After discovering that Iris’ picture-perfect cottage from the movie ‘The Holiday’ was merely a folly constructed in a couple of weeks and immediately pulled down after filming, I feared I might never get to stay in such a ‘chocolate box’ cottage. That was until I discovered ‘The Cottage’ in the tiny village of Branxton in the Borders.
It may be different in architectural style to the movie star – but this country cottage has just as much charm. There’s a white picket fence, a cottage garden and a spectacular Summer House and, best of all, it’s authentic – and available as a holiday let with Northumberland and Scottish Border specialists, Crabtree and Crabtree.
Opening the gate and walking down the garden path was a real thrill: what a lovely place to come home to at the end of the day.
The cosy lounge boasts a real fire, squishy sofa and a leather armchair. It’s just the sort of place where being snowed in would be an absolute pleasure. Not that snow was a problem while we were there for we enjoyed some gorgeous weather and even did a spot of sunbathing in the ultra-private south-facing garden.
All our dining was al fresco, alternating between the patio in the morning and a more shaded area for supper. But there’s a separate dining room in the cottage should you need one.
The garden overlooks the Flodden battlefield: the site of the bloody battle between the armies of James IV of Scotland and Thomas Howard, Earl of Surrey on 9th September 1513. On our first visit, the site was shrouded in mist and as we trod the battlefield trail towards the granite memorial cross, reading the unfolding timeline of events, I shivered more than once.
It’s often said that the imagination can be scarier than anything else and I for one found the illustrated boards and bite-sized chunks of information at each point sent my imagination into overdrive. Tales of how the men got bogged down in mud at the bottom of the hill and how the Scottish army (and at least 500 French mercenaries fighting with them) were out-flanked by the English, with the grisly result that at the end of three hours’ of battle, between 7,000 and 11,000 Scots lay dead (including King James) and there were between 1,000 and 4,000 English casualties.
Standing there, on the spot where this happened, reading this information, it was easy to imagine the roar of the soldiers and the clash of swords as so many were slain. It was simultaneously sad and moving.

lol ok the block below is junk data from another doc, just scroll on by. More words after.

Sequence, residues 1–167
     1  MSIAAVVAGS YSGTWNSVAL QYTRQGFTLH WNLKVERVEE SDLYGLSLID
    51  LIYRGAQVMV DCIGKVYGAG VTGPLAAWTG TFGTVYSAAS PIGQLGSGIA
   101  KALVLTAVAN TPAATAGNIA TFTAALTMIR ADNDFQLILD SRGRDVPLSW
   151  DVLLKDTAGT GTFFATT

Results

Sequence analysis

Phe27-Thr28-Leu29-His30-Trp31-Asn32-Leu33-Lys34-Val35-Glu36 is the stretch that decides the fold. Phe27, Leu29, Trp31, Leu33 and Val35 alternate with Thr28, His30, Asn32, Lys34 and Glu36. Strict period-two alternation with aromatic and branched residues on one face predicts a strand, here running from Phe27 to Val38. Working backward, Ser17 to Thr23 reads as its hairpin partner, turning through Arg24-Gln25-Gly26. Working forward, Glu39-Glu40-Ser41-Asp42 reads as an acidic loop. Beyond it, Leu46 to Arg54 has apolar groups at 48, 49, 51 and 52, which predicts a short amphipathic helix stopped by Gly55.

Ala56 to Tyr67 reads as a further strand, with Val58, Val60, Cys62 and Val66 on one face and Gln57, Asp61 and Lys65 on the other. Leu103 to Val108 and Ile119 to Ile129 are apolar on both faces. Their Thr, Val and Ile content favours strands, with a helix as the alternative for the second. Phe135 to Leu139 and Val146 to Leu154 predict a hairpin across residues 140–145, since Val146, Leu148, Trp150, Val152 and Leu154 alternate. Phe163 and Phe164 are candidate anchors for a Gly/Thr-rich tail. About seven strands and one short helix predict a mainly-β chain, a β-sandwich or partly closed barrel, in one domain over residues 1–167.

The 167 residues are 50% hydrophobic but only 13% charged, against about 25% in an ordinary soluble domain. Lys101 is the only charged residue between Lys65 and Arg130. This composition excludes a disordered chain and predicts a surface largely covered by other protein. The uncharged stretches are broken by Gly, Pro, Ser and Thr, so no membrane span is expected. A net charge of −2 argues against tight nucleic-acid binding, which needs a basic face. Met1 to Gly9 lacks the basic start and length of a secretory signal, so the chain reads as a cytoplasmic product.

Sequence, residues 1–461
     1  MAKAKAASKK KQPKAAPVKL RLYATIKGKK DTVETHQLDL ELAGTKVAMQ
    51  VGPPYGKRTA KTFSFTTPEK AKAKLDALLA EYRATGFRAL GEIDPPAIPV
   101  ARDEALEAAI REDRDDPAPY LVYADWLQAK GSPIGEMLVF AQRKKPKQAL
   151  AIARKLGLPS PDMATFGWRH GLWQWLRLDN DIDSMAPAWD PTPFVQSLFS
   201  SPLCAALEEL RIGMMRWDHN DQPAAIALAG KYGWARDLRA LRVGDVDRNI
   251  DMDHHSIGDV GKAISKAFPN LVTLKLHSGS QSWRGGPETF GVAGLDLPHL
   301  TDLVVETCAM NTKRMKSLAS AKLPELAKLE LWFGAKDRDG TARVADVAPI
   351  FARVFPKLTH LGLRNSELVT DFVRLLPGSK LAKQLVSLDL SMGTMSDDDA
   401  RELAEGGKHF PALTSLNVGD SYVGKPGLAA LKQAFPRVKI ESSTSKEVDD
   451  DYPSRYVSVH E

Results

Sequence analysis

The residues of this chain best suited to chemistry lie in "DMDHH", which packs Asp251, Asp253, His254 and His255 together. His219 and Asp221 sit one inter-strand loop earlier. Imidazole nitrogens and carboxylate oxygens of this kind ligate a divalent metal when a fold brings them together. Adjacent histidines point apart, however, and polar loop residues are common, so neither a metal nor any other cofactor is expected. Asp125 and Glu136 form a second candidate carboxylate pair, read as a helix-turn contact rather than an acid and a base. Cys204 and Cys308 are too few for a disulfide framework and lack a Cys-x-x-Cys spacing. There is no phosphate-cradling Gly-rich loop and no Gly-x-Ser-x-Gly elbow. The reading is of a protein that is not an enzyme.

This was my first visit to an Ecomuseum (which is not surprising when you learn that The Flodden 1513 Ecomuseum is the first in England) but it’s a concept I found enthralling and the execution of this one was exceptional.
An Ecomuseum is a community-led initiative which links attractions around a theme. The Flodden 1513 Ecomuseum links over 40 sites and traditions such as the border Ride Outs and the bagpiping tune of Floo’ers O’ The Forest. One of the sites is in Branxton village: the world’s smallest Tourist Information Centre, which is an ingeniously re-purposed red telephone box.
On a sunny day, the battlefield reverts to a great walking trail and, as The Cottage is dog-friendly, it provides a great start to any dog walk right from the doorstep.
If you are a fan of places of historic interest, then the area around Branxton and Cornhill on Tweed is a ‘must see’: there is nearby Twizel Bridge and the 18th Century folly of Twizel Castle and a way-marked walk along the banks of the Till to the Tweed. Other ‘must dos’ whilst in the area are the picturesque villages of Ford and Etal, and Hatherslaw Mill.
Formerly two separate (warring) estates, Ford and Etal were united under single ownership by the 1st Baron Joicey of Chester-le-Street who purchased first the Ford Estate in 1907 and, the Etal estate the following year. Although united in ownership, each has its own, very distinctive architectural style.
The layout of Ford village as it stands today, owes much to Louisa, Marchioness of Waterford who inherited the estate when her husband died. Lady Waterford provided Ford with a new schoolroom and housing for her tenants. We enjoyed a visit to Lady Waterford Hall and we had a bite to eat at the café/shop in the green.
To visit Etal, we decided to park at Hatherslaw Visitor’s Centre and take the Heatherslaw Light Railway, a journey on a cute open-sided steam train, which will make the day of many a small boy and grown man. On disembarking, we walked past Etal Castle, through the village and along a country lane. After our fellow passengers had left, we headed to the Lavender Tea Rooms for lunch. If you time it right, you can have the place to yourself before the next train-load arrives. An alternative dining option is The Black Bull a pretty white-washed, thatched pub.
Back at the cottage, we enjoyed an evening relaxing in the garden, retreating to the Summer House as the evening cooled and then had a peaceful night’s sleep where I dreamt of a bygone era and simpler times.
On our last evening, we enjoyed dining at the nearby Collingwood Arms. Thanks to the glorious weather, we were able to take advantage of being able to dine in their picturesque walled garden, where we chatted amiably to some friendly guests whilst enjoying a fabulous meal from the À la carte menu. It was the end to a fabulous short break.
- The Cottage, Branxton
- The history of the Battle of Flodden
- Twizel Bridge
- Ford and Etal Estates
- Hatherslaw Visitor’s Centre
- Hatherslaw Mill
- Heatherslaw Light Railway
- Collingwood Arms
Photographs courtesy of Richard Aspinall. Copyright Aspinall Ink 2014.